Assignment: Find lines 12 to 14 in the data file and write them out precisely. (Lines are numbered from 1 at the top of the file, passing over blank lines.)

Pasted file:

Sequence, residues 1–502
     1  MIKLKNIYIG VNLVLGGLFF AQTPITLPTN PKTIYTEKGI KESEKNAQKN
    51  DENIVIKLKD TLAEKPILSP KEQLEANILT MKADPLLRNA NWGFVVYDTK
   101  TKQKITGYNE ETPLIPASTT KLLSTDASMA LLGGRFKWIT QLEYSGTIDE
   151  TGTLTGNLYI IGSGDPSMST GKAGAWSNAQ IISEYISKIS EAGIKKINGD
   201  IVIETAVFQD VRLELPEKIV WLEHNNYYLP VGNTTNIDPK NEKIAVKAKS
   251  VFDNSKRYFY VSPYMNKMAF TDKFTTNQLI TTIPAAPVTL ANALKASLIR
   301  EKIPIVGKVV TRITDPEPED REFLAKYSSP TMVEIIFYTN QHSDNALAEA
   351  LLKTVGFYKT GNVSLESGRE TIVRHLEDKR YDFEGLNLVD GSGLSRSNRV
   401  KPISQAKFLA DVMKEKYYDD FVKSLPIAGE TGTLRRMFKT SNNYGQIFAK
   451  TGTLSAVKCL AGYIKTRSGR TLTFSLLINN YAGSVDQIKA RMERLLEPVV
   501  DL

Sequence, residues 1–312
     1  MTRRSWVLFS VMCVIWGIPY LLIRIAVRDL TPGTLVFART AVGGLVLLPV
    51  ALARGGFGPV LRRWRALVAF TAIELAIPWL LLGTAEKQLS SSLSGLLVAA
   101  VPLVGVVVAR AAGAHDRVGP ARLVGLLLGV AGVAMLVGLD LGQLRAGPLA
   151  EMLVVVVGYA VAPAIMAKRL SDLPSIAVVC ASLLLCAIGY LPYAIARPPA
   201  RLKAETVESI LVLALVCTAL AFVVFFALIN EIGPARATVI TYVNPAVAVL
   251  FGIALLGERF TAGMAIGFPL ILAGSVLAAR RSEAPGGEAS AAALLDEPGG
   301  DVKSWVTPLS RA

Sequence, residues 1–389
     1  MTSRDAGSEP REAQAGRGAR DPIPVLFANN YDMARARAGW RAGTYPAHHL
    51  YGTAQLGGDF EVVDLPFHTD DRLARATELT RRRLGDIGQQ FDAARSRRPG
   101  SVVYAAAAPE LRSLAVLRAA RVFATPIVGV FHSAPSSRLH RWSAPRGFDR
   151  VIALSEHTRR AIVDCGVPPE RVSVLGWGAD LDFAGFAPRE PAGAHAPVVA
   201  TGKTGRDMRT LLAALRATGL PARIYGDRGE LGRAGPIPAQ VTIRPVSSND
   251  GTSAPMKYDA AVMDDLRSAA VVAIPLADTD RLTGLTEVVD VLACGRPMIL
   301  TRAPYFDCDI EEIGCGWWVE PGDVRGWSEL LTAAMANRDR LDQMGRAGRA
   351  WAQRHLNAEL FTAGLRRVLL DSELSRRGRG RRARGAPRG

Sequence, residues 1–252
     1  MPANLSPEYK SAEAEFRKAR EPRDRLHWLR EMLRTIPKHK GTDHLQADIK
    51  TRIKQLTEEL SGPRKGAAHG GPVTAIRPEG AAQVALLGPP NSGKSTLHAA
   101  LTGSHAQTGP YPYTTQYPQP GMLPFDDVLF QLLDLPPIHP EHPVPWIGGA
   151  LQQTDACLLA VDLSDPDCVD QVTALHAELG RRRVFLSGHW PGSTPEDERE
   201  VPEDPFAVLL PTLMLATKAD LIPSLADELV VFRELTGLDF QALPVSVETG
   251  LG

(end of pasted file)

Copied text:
   501  DL

Sequence, residues 1–312
     1  MTRRSWVLFS VMCVIWGIPY LLIRIAVRDL TPGTLVFART AVGGLVLLPV